Quick Cassoulet

January 21st, 2011

I have made many cassoulets over the years.  I blogged about Julia Child’s lentil cassoulet here.  Most cassoulets have several kinds of meats.  In Mastering the Art of French Cooking, Julia explains that several regions of France claim that their version is the only authentic version.  Toulousains claim that it must include preserved goose, confit d’oie, or it is not a real cassoulet.  Some say that the cassoulet was born in Castelnaudary and should only include beans, pork,and sausage.  The recipe that she includes in “Mastering” includes pork loin, shoulder of lamb and sausages.  The one thing that all cassoulets have in common is the beans.  They all include white beans, except the lentil cassoulet that I made previously.  A true cassoulet starts with dry white beans and can take days to make.

When I saw the recipe for Quick Cassoulet in Cooking Light ( I know, I know . . . . seems like everything I cook lately comes from that source),  I knew I had to make it.  Every cassoulet is basically baked beans with meat added.  What makes it special is the flavor in the liquid in the dish.  When you saute onions, carrots, garlic and celery to soften and then add white wine and cognac to the pan, you are bound to end up with a tasty base.  Using canned cannellini beans shortens the cooking time and a finishing touch of butter moistened bread crumbs finishes the dish. 

In this dish the only meat is sausage.  I will present the recipe as written, but you can use any type of sausage that you prefer.  I used a fresh turkey sausage and a smoked turkey sausage mixture.  You could even add leftover shredded chicken or pork.


2 tablespoons olive oil
4 (4-inch) pork sausages, sliced (about 8 ounces)
4 (4-inch) lamb sausages, sliced  (D’Artagnan is a good source)
4 (4-inch) duck sausages, sliced (Again D’Artagnan)
Cooking spray
1 cup finely chopped onion
1/2 cup finely chopped carrot
1/2 cup finely chopped celery
2 tablespoons minced garlic
1/2 teaspoon freshly ground black pepper
1/4 teaspoon salt
1/2 cup dry white wine
1/4 cup cognac or brandy
5 thyme sprigs
2 bay leaves
2 whole cloves
1 cup low sodium chicken broth
3 (15 ounce) cans cannellini beans, rinsed and drained
1 (14.5 ounce) can no-salt added diced tomatoes, drained
1 (4 ounce) piece French bread baguette
1 1/2 tablespoons unsalted butter

Preheat oven 325 degrees F.  Heat a large Dutch oven over medium heat.  Add oil to pan; swirl to coat.  Add sausages; cook 6 minutes, stirring frequently. ( I had to do this in batches)  Remove sausages from pan using a slotted spoon; drain.  Wipe pan with paper towels, leaving browned bits on bottom of pan.  Coat pan with cooking spray.  Add onion and next 5 ingredients (through salt); cook 8 minutes, stirring occasionally.  Add wine and cognac; bring to a boil.  Cook 10 minutes or until liquid almost evaporates, scraping pan to loosen browned bits.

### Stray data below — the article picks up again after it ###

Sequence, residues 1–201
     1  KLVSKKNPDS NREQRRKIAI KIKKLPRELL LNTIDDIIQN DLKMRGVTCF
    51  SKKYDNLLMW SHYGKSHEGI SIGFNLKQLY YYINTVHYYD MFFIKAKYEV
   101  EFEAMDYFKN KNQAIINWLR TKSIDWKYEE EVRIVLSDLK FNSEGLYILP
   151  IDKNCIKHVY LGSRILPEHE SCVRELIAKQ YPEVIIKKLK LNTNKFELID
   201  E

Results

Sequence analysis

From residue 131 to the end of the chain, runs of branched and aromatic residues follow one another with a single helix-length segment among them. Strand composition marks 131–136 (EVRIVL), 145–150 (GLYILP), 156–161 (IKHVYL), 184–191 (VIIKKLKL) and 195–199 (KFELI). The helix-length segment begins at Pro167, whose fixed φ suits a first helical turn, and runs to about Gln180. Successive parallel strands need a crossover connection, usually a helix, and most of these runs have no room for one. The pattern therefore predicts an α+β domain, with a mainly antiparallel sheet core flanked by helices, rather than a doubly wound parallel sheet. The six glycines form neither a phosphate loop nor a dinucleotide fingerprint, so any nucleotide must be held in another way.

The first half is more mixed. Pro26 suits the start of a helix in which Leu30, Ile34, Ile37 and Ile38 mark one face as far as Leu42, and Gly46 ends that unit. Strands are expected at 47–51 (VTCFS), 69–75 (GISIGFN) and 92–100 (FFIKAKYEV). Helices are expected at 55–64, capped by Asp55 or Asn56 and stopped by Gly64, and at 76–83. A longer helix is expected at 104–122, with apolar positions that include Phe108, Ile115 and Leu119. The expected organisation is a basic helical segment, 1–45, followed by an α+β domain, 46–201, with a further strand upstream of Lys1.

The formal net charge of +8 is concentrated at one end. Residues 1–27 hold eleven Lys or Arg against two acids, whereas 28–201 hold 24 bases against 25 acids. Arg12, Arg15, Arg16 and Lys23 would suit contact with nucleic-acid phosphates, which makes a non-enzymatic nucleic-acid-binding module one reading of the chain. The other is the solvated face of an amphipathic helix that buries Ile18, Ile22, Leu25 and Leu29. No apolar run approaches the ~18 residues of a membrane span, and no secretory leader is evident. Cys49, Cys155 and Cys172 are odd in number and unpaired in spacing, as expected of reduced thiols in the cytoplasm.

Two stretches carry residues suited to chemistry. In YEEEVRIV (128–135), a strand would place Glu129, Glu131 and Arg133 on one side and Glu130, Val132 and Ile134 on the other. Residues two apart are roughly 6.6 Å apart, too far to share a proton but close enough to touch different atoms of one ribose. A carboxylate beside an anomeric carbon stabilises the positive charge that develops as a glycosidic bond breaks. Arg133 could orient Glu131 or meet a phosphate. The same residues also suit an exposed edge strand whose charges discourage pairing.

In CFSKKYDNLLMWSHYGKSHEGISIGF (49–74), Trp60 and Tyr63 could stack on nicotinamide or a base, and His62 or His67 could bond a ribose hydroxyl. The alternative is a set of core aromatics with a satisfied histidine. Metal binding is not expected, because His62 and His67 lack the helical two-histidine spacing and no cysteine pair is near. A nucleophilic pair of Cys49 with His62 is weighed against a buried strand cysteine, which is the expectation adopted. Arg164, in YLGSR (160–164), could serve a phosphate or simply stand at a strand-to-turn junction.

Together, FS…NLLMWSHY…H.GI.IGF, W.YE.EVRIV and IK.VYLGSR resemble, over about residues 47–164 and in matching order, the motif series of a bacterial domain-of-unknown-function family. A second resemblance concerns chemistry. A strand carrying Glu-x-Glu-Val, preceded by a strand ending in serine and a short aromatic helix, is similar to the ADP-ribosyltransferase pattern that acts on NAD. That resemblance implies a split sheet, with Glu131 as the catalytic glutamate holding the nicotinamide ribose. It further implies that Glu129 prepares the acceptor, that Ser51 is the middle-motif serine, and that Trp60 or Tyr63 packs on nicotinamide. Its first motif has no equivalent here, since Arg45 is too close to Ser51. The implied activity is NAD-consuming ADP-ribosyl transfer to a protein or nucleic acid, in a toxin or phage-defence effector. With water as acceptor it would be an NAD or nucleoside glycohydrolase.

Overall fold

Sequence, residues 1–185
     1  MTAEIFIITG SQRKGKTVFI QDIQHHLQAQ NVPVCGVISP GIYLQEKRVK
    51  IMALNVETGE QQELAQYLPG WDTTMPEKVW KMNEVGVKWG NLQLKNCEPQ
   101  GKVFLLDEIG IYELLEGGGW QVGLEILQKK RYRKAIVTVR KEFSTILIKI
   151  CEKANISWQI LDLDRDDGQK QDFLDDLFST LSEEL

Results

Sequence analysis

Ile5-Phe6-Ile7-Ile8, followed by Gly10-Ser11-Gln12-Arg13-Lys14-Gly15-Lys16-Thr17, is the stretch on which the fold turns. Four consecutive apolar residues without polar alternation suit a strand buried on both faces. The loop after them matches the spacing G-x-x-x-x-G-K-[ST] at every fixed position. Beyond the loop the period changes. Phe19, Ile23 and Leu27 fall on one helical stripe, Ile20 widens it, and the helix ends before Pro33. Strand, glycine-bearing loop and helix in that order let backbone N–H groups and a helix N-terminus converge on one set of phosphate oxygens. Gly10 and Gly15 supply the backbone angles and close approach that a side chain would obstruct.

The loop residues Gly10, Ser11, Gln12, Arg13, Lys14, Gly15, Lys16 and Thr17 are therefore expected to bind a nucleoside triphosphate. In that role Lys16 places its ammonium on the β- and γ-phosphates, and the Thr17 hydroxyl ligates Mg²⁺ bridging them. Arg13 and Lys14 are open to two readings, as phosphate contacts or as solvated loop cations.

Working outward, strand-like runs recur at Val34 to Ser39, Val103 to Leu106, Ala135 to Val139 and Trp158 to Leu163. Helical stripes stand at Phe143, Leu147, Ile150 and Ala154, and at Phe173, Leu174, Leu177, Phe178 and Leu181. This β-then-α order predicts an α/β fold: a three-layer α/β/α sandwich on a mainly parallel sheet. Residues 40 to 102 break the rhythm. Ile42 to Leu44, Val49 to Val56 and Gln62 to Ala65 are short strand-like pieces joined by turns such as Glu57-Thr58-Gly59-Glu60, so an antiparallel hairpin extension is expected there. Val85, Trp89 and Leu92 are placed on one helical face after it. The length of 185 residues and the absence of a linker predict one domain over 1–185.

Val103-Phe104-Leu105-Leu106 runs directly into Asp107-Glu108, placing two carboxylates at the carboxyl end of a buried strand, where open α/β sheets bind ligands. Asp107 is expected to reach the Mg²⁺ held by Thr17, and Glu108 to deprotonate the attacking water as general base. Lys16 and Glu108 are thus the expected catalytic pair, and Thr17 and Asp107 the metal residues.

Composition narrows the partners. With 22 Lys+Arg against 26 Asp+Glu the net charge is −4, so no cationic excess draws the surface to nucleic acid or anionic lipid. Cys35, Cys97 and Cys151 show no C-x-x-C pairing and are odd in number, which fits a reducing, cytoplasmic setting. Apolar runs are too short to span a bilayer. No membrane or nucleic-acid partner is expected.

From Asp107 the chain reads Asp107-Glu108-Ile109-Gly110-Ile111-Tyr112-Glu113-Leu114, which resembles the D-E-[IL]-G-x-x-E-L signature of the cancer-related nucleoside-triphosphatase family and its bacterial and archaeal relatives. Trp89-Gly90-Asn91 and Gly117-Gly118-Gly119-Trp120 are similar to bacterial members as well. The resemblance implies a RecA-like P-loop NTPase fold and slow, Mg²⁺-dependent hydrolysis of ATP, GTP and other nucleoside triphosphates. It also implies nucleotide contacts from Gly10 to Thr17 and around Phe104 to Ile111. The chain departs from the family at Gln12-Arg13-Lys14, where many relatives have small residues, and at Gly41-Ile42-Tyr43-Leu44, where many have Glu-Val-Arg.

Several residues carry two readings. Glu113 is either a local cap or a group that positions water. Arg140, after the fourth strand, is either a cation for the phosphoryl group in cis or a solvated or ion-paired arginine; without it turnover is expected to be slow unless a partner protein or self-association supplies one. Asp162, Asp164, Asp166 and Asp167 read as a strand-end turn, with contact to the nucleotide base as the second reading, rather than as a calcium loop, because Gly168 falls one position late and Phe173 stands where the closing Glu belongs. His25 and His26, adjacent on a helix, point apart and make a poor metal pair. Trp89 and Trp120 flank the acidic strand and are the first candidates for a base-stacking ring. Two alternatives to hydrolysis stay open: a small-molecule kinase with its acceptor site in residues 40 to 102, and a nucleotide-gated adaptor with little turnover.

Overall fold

Place thyme sprigs, bay leaves, and cloves on a double layer of cheesecloth.  Gather edges of cheesecloth together; tie securely.  Add cheesecloth bag, broth, beans, and tomatoes to vegetable mixture; stir to combine.  Return sausages to pan; stir.  Bring mixture to a boil, and remove from heat.  ( At this point I transferred the mixture to a casserole, but if you are using an attractive Dutch oven leave it alone).

Place bread in a food processor; pulse 10 times or until fine crumbs measure 2 cups.  Melt butter in a large skiller over medium-high heat.  Add crumbs to pan; saute 5 minutes or until golden, stirring frequently.  Sprinkle crumbs evenly over bean mixture.  Bake at 325 degrees for 40 minutes.  Discard cheesecloth bag before serving.

Printable recipe

6 responses to “Quick Cassoulet”

  1. That sounds like perfect comfort food for a cold January evening!

  2. racheld says:

    YESSSS!!! What perfection for such a night as this!! Since I used the only Cannellinis in a salad this week, I do think my only resort will be the two cans of Northerns which I keep handy as well, but the effect should be close.

    Perhaps those Turkey Brats in the upstairs fridge would be a good addition, shucked of their casings, and browned before mixing in.

    You DO beat all for thinking of the GOOD THINGS!


  3. Donnie says:

    That looks very good and filling with the beans. I think even picky Don will like this. Take care.

  4. Big Dude says:

    One of the things I like about reading the blogs of you real cook’s is the improvement in my vocabulary. I’d never heard the word Cassoulet, but it sure looks like something I need to try.

  5. girlichef says:

    Great minds think alike, Penny 😉 Your cassoulet sounds wonderful!

  6. I am bookmarking this recipe. I like the rustic style of the sausages, beans and breadcrumbs in this dish. This looks like it would make for quite a hearty meal.

© Penny Klett, Lake Lure Cottage Kitchen. All rights reserved.